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Sydney next stop for Paralympians

The journey to Australia has been difficult for four area athletes.

By RODNEY PAGE

© St. Petersburg Times, published October 17, 2000


photo
[Courtesy of Schneider family]
Bill Schneider.
Bill Schneider spent every night of the Olympics glued to his television. He knew he would soon be in Sydney, Australia, as a member of the U.S. Paralympic team, and he wanted to soak in every minute.

"I got a little behind in my studies," said Schneider, a former King High student working on his graduate degree at Indiana University. "I couldn't stop watching. I knew I'd be there in a few weeks."

Schneider, who has cerebral palsy, will join nearly 4,000 other athletes from 125 countries for the 11th Paralympics Wednesday through Oct. 29. There are 328 members of the U.S. Paralympic team who will compete in 18 events.

Four athletes are from the Tampa Bay area. Schneider will compete in the 400 and 800 meters. Danny Andrews of Holiday (400 meters for amputees), Jennifer Jay of St. Petersburg (Boccia) and Bradley Johnson of Tampa (sitting volleyball) are also in Sydney.

All four are participating in the Paralympics for the first time. All four hope to bring back a medal. And for all four, the road to Sydney wasn't always smooth.

When Jay was born on Sept. 4, 1974, at St. Petersburg's Bayfront Medical Center, she wasn't breathing. Doctors revived her, but the lack of oxygen to her brain left her with cerebral palsy, a series of motor disorders caused by damage to the central nervous system.

She cannot use her legs, has limited use of her arms and has difficulty speaking. She uses a "Liberator," which resembles a laptop computer, to type words and a computer voice "talks" from a speaker.

For purposes of this article, Jay communicated through e-mail.

"We feel very fortunate that she survived," said her mother, Diana Jay. "Normally in a situation like that 26 years ago the technology wouldn't have been there to save her. But the doctor was unwilling to let her go and after 45 minutes she started breathing. Even back then she was a fighter."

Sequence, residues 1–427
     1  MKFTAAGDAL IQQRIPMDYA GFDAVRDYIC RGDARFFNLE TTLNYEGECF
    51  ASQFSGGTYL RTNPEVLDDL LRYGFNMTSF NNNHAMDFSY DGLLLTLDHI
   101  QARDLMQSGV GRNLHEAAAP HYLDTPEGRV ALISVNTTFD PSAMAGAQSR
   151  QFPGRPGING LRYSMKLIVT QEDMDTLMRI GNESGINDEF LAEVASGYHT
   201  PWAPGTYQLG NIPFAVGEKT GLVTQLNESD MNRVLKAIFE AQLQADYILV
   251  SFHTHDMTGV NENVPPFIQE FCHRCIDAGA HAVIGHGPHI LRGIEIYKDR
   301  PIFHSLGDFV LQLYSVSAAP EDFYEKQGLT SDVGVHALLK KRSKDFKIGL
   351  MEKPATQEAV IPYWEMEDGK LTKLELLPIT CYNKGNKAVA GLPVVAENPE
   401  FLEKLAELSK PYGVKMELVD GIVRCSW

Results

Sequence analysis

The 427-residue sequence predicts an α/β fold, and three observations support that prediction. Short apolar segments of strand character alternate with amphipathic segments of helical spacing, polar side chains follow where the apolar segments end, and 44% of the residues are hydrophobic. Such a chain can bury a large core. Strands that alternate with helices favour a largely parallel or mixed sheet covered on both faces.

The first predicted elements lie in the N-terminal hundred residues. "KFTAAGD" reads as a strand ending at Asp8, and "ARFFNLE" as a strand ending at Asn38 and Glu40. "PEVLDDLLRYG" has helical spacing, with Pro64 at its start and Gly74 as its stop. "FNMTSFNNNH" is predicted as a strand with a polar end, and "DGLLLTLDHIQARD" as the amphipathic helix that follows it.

Jay has used a wheelchair all her life. She has attended public schools equipped to handle disabled students.

At Pinellas Park High she decided to get involved in sports. She said she was tired of being wheeled in the corner during physical education class.

"As a person with a disability, other able-bodied people did turn me away from sports," Jay said. "They would tell me I couldn't play sports because I was disabled. I remember, especially in high school, all of the disabled students including myself hated P.E. class. We either sat there and did nothing or we played cards. That was the biggest turn off of all.

"If you hear "You can't play sports' long enough you start believing it. But when I started competing it was like a different person locked inside of me was let out and I learned I could play sports. I think people with disabilities should learn to listen to themselves, not others. If they really want to play sports they should go for it."

photo
[Times photo: Dirk Shadd]
Jennifer Jay
Jay went for it.

She started by playing for the St. Petersburg Chargers power soccer team. Later she switched to track and field, sponsored by the city of St. Petersburg.